"You're like a chestnut," I told my partner.
"You're like a chestnut, you have these prickly burrs of rough edges and big boundary walls and 'how dare they think they can get close' and if they make it through the briar bramble it's a very thin skin and a succulent, good heart."
"Honey, are you eating human flesh again?" he glowered at me and we descended into a pile of giggles. But, as unoriginal a metaphor as it is (I know Jo in Little Women is called a prickly chestnut at least once, for many of the same reasons), some of our loveliest and most loved humans do have walls on walls of avoidant or anxious attachment, rigid boundaries, strict independence when interdependence would build intimacy, and a tendency to pretend they are hedgehogs, rather than human chestnuts. (You may recall a post where this author says some of these things about herself.)
This metaphor is pretty easily solved in nature - a chestnut ripens and the burr comes off, and then the skin is thinner and a more reasonable "boundary set" is in place to protect the nut itself. In real life it's a little more complicated, but we all work on it, relationship by relationship, hedgehog by hedgehog.
But not all failures in boundary-keeping or in where and how boundaries are in relationships are in placing too many. What about the many times where we set a boundary in words, but don't follow through on the consequences? Where there is no burr at all protecting us and we're getting knocked around? Or where we're trying so hard to let people in that we're acting like they're part of "us"? These are also boundary mis-steps we might make in interpersonal relationships.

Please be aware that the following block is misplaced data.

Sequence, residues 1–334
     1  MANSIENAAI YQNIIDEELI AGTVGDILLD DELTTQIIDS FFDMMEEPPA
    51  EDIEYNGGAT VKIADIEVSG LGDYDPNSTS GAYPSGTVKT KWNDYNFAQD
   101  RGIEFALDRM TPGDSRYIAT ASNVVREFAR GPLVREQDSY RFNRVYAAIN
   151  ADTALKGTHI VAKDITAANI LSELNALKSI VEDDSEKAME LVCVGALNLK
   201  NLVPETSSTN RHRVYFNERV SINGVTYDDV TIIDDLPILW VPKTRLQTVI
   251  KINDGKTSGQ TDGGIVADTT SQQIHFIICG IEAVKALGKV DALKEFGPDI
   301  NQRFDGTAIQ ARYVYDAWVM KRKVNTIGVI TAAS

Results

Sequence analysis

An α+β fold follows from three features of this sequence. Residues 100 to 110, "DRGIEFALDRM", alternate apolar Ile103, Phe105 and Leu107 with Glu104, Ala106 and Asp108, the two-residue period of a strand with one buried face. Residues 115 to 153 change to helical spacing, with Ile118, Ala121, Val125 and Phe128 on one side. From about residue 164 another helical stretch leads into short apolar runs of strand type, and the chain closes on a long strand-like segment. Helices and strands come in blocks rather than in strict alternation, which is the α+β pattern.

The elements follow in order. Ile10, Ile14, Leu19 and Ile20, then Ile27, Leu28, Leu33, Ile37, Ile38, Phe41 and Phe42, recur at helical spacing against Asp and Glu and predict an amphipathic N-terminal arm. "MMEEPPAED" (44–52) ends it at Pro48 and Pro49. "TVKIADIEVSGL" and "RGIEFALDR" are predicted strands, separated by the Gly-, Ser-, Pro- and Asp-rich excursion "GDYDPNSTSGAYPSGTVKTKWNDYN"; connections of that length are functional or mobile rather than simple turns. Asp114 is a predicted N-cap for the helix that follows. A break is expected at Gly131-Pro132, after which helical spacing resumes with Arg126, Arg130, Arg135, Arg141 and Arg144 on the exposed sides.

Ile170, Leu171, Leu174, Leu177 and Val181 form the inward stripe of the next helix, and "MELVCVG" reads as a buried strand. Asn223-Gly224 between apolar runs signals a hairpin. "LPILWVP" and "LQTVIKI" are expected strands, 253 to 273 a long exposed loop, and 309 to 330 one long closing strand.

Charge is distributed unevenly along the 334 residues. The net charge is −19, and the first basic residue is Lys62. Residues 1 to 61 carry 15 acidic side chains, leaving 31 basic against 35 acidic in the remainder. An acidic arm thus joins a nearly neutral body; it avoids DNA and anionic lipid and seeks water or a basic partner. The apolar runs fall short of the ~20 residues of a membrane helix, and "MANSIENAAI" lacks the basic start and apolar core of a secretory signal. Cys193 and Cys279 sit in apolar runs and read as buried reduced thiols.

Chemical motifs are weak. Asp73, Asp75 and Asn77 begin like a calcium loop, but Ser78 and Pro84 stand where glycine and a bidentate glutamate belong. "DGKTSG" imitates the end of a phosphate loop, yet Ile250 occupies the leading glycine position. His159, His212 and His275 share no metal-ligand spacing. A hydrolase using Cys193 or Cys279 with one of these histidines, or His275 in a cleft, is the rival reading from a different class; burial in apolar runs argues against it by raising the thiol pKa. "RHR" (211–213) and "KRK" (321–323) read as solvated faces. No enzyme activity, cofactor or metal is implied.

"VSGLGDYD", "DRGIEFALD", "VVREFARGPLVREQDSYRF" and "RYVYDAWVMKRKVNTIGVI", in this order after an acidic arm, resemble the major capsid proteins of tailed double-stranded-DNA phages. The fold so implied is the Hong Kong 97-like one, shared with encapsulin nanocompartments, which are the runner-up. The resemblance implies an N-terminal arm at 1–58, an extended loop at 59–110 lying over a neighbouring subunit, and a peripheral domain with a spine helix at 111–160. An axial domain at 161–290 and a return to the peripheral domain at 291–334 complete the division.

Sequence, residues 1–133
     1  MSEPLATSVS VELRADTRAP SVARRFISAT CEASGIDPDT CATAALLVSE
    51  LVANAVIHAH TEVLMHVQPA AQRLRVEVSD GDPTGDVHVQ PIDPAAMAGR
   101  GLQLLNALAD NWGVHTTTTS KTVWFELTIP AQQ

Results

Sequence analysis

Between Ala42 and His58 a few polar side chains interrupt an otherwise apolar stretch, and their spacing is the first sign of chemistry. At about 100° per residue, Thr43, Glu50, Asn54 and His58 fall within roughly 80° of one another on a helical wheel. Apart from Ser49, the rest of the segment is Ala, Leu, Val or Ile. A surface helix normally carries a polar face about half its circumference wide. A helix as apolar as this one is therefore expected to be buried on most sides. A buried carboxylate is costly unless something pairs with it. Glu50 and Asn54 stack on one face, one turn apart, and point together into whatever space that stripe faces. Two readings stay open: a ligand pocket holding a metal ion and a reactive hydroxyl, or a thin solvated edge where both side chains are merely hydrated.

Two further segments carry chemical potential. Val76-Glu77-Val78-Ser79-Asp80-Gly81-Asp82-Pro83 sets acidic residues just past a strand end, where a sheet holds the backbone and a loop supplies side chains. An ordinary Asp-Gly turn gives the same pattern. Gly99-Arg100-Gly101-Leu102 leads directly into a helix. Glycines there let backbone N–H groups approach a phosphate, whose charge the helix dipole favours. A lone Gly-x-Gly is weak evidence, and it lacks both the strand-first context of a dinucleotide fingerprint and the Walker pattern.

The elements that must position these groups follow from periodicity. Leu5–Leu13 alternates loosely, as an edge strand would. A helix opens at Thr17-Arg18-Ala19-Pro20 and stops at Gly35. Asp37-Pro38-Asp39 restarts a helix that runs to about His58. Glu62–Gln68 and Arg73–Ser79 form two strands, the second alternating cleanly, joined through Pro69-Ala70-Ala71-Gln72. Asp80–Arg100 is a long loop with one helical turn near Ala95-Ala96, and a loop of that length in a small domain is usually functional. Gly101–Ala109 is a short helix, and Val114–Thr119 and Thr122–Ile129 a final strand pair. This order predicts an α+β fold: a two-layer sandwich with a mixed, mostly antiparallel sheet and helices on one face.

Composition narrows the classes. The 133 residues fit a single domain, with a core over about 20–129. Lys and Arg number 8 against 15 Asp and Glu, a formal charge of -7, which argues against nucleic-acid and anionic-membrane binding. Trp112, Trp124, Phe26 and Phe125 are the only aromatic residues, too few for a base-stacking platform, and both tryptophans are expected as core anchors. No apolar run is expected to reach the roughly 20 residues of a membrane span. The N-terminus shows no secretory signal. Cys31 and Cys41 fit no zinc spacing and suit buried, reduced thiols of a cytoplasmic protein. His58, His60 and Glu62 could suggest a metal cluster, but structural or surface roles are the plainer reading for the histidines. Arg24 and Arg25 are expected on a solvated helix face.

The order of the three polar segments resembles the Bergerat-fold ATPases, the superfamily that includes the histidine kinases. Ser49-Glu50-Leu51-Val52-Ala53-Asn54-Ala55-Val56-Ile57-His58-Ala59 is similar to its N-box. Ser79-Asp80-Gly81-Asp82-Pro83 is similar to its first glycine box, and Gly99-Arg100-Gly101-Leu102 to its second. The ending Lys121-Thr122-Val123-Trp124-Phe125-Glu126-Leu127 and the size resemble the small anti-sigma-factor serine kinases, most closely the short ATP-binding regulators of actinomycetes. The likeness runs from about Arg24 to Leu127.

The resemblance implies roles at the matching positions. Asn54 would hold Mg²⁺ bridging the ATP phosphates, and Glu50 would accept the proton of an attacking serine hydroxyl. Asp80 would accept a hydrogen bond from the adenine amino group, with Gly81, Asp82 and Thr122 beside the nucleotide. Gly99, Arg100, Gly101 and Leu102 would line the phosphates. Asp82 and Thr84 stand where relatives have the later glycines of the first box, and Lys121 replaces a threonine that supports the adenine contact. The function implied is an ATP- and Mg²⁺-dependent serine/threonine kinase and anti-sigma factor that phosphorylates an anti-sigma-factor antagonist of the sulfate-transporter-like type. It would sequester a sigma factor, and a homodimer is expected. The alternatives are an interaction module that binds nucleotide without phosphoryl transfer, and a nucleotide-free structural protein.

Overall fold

The one where we let everything and everyone (all behaviors) through our boundaries is called having porous boundaries and while it can take many forms, I metaphorically like to think of it as building my boundary too big around myself, like a bounce house. I make too much "me" or "my problem" or "part of myself" for worrying purposes, including letting whole other people inside there to worry about - codependent relationships. (This is a slightly more extreme version of the metaphor than the chestnut - a bounce house does not exist in nature, and it solves itself only through exhausted collapse when there is no more air blowing into it.) At some point, we need to make the size of situation we're concerned with sustainable, or we collapse around the playing people inside. Encompassing LOTS doesn't make us "better at" boundaries - it makes us bigger at them, people pleasing, or less certain where we end and others begin, which is really what purpose our boundaries should be helping us determine.
Codependency and people-pleasing hurt the person doing the people pleasing because of the energy output, but also the person theoretically being pleased because they don't get to have an authentic relationship with you. It creates dependency in them and hurts their possibility of being a full and strong participant in relationship with you.
So, just as much as we try not to be closed off chestnuts locking our interiority away from our partners, we should try not to be bounce-houses taking all of theirs within ours.